A Cliched Debate on Terror

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The fallout of the Paris attacks is playing out across the Europe and America.  French president Francois Hollande has already declared war on ISIS. Hollande also has declared the state of emergency in the country. The law gives the government to clamp curfew, ban public gatherings, and tighten border controls. It also gives police the power to search houses without warrant, bar assembly of people and forbid protests, something we are very familiar with in Kashmir. In one stroke, the murderous attacks in Paris have drastically impacted the psyche of one of the world’s most free country, forcing it to alter its way of life.

Other European countries are also mulling stricter forms of control to protect themselves against an anticipated terror attack. The public mood is becoming more and more anti-Islam. The political right is gaining renewed traction and there is now greater chariness about accepting refugees from Syria. This has raised concerns about Europe’s significant Muslim population. Muslims in Europe too have become deeply conscious about their identity. In a touching incident that reflects this anxious state of affairs, a Muslim man stood blindfolded in the centre of Paris asking mourners to embrace him as they gathered to commemorate the 129 victims killed in a series of terror attacks across the capital. 

But this is unlikely to change the broader darker mood towards Islam. France has witnessed many mosque desecrations over the weekend. Social sites have witnessed outpouring of vitriol against Muslims and Islam.  Muslims participating in mourning gatherings have been heckled. And in media the debate has once again returned with full force to the “Islamist terror”. The commentators are drawing a seamless connection between Islam and the terrorism. A cycle of discourse that has played out unchanged since 9/11 is going round and round again, almost word for word, argument for argument.

ISIS is now one more diabolical representation of Islam, succeeding Al Qaeda. There is little questioning as to who created this monster, in the first place. By intervening violently in the Muslim countries just because the ruler or a regime wasn’t to their liking, western powers have ravaged state after state and destroyed the order. This has left anarchy in its wake with an assortment of militias and the apocalyptic groups like ISIS holding the sway. In Syria just because west wanted an end to Bashar-al-Assad’s rule, it armed the rebels to the teeth, little caring which ideology they espoused. The aim was to replicate a similar strategy in Libya where US and Europe joined forces to get rid of Colonel Muammar Gaddafi, who met a brutal end himself by being publicly lynched by the rebel gunmen.  Libya is now in chaos ruled by militias.  In Syria they couldn’t remove Assad but they have helped organize ISIS, a nihilistically violent ideological group, which has now broken free of their control. ISIS is now on its own, having seized vast swathes of territory in Iraq and Syria to carve out a statelet it calls caliphate.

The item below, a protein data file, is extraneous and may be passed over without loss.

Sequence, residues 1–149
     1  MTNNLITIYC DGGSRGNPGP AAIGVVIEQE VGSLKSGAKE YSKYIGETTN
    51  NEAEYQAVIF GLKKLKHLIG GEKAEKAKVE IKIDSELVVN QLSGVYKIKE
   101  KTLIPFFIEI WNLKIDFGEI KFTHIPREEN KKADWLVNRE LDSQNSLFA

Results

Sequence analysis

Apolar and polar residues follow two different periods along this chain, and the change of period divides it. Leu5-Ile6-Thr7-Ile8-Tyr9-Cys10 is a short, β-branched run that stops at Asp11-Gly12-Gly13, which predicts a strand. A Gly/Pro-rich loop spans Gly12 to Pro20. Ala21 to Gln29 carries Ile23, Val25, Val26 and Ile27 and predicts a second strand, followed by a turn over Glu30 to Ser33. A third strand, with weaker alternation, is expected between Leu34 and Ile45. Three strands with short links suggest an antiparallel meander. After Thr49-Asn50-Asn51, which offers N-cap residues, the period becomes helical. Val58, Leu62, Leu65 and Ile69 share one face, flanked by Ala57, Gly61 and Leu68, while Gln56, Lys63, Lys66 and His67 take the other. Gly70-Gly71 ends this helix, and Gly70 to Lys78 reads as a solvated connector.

While west goes about its new drawn fight against terrorism, there is a need to introspect and examine the causes of Muslim violence.  An objective analysis of the history of the past twenty five points blame squarely towards US and its European allies. Invasions of the other countries on the pretext of dislodging a disagreeable ruler or a regime and framed in a grand moral narrative have only ended up destroying the lives of the ordinary people. And as a result of these wars, there are now four deeply dysfunctional states – Afghanistan, Iraq, Syria, and Libya. And their dysfunction has in turn crippled the Muslim world. Now while US and Europe seek to safeguard themselves against the blowback from their heinous sins in Islamic world and launch another joint war,  they should also acknowledge their role in creating the large part of the mess in the first place.

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